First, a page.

Busted: Bankers and The Global Economy

February 11, 2008

Fed Backs Up the FDIC while Bush Fiddles

bush-fiddles-internet.jpgThe role of abusive lending practices has become of special concern to the Fed in their publicity measures. Since the quiet admission by the FDIC on October 24 regarding abusive loan practices in the mortgage and banking industry, the Federal Reserve has recently continued to sound the alarm for the need for bankers to voluntarily change policies within the banking structure to avoid and eliminate continued banking losses, particularly based in the mortgage sector. Bankers have failed to protect borrowers with proper underwriting and protection as well as predatory loan rates. The Federal Reserve has advised tight-fisted bankers to get on the stick regarding making rapid changes to avoid more defaults and foreclosures.

The Fed is suggesting reform with policy changes to improve the current mortgage banking crisis. When interest rates on many adjustable-rate mortgages change this year, the Fed is advising a wholesale change in business practices by modifying loan rates to avoid additional cost to borrowers on an emergency basis. The Fed has suggested enhanced services including financial counseling with borrowers to avoid foreclosure. The Fed is proposing stricter guidelines for banking practices that are deceptive or abusive. The Fed is proposing a new APR threshold to keep costs to borrowers down in order to avoid massive defaults for the long-term. The Fed also wants to target broker steering, appraisal coercion, unwarranted servicing fees, and deceptive advertising by the banking industry. The Fed proposal prohibits a pattern or practice of disregarding the ratio of applicants’ income to debt, which has happened in the past. The Fed is also focused on issues like income verification, escrow, taxes and prepayment penalties. These provisions were all abused in the past by lenders on a wide scope. Strangely, Mr. Krozner and the Fed have not mentioned curtailing questionable internal bank instruments and internal bank practices that have made measuring the crisis almost impossible and unpredictable on a worldwide basis.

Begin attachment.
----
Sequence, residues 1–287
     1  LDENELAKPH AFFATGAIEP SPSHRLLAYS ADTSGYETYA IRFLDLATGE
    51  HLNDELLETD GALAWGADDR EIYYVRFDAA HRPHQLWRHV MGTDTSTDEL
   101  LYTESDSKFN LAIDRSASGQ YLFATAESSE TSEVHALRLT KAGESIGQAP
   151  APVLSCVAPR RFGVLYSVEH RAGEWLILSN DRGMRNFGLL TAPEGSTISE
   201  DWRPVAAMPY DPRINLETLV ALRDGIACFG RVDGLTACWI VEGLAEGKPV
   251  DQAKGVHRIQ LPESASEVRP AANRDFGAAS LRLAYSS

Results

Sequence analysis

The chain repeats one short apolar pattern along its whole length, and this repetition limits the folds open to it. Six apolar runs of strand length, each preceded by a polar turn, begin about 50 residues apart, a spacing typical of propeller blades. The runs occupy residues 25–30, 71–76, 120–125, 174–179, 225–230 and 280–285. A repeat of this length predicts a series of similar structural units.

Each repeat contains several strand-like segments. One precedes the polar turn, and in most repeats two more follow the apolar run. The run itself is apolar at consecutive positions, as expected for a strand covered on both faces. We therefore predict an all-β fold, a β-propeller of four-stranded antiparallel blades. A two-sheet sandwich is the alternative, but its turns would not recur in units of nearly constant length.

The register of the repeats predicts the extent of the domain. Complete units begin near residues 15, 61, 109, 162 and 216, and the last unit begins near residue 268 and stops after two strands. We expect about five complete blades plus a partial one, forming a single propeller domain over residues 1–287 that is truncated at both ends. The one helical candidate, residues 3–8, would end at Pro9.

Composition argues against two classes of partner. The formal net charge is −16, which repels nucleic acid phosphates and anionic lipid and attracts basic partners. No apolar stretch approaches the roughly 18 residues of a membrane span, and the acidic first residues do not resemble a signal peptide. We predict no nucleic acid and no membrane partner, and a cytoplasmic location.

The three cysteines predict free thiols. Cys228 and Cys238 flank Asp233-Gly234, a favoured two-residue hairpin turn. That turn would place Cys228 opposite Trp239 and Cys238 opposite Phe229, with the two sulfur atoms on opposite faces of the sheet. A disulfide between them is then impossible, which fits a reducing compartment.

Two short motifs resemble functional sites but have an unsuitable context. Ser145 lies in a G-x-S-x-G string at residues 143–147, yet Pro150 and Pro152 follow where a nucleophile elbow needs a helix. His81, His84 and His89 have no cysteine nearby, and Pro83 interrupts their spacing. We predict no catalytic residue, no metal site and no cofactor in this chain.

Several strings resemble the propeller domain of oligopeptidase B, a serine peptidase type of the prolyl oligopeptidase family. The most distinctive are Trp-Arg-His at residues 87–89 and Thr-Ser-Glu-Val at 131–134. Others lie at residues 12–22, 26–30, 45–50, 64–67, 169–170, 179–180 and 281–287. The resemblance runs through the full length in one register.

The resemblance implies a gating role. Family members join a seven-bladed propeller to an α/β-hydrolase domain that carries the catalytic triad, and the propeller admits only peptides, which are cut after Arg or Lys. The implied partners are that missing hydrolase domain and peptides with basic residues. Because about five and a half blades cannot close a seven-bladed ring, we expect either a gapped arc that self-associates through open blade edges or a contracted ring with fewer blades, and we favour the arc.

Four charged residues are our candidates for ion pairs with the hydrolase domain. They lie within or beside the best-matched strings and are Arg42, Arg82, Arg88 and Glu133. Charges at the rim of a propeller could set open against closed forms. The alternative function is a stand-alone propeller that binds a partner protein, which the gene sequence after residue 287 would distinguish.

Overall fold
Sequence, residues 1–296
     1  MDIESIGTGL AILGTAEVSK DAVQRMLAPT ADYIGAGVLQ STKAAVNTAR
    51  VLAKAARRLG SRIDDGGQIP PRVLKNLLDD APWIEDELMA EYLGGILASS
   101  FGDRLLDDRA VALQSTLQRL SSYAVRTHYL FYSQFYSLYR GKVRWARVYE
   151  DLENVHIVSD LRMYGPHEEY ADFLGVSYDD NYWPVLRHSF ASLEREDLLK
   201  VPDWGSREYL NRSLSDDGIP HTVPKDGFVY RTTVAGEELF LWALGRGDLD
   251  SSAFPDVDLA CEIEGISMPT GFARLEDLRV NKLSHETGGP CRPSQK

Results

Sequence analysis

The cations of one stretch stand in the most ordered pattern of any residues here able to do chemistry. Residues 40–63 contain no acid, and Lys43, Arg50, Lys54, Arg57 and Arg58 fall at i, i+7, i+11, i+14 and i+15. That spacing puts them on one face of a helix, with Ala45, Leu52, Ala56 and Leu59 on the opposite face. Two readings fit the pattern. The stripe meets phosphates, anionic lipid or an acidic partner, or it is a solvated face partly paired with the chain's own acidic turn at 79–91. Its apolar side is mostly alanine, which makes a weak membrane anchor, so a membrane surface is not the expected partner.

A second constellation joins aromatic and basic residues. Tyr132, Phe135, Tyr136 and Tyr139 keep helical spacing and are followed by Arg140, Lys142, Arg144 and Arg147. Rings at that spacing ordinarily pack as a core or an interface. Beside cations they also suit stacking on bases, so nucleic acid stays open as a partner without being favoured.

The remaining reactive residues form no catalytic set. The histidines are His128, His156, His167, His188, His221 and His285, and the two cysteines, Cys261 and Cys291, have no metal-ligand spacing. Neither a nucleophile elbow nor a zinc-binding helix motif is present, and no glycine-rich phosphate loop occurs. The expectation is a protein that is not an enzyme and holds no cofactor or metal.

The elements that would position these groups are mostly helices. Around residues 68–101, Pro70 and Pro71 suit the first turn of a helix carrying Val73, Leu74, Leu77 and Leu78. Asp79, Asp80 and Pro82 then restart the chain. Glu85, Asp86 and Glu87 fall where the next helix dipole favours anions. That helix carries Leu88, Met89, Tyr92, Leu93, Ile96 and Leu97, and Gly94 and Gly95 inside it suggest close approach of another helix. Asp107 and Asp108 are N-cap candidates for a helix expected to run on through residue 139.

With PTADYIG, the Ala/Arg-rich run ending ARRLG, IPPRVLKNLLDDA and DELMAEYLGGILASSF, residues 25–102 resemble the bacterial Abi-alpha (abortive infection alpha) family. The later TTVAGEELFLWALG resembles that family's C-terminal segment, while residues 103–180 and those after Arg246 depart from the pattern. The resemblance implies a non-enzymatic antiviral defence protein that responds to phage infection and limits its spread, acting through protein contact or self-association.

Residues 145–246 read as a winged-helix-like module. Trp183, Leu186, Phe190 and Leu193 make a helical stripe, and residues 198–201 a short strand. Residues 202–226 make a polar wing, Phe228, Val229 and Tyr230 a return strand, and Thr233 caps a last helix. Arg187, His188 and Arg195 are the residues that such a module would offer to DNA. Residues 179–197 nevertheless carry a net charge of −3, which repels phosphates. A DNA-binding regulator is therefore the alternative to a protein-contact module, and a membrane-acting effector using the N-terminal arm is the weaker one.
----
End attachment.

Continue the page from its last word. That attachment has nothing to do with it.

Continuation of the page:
Banking reform is in the wind. The reform may not have been necessary if the Bush Administration had been willing to admonish the banking industry about their abusive practices as early as four years ago. Instead, the administration gave a voice of acceptance, encouraging no oversight because of the money being infused into the economy at that time. Clearly the Bush Administration was involved in a conflict of interest and has compromised the economy today in order to keep up the appearance of good numbers back in 2004 as well as previously. President Bush declared implicit trust in the bankers in the hope that the good times would last through the end of his administration. As it turned out, the mortgage bubble could not be maintained and the country is in a banking crisis. The President chose to ignore any risks and get on board the profit-making mortgage machine. He could have changed history by throwing up a note of caution. Bush has had the entire information machine of the free world at his beck and call. Bush has had a brother in the banking business. He saw the signs. Because of a conflict of interest, the entire world is now in the clutches of financial distress. That is poor management.

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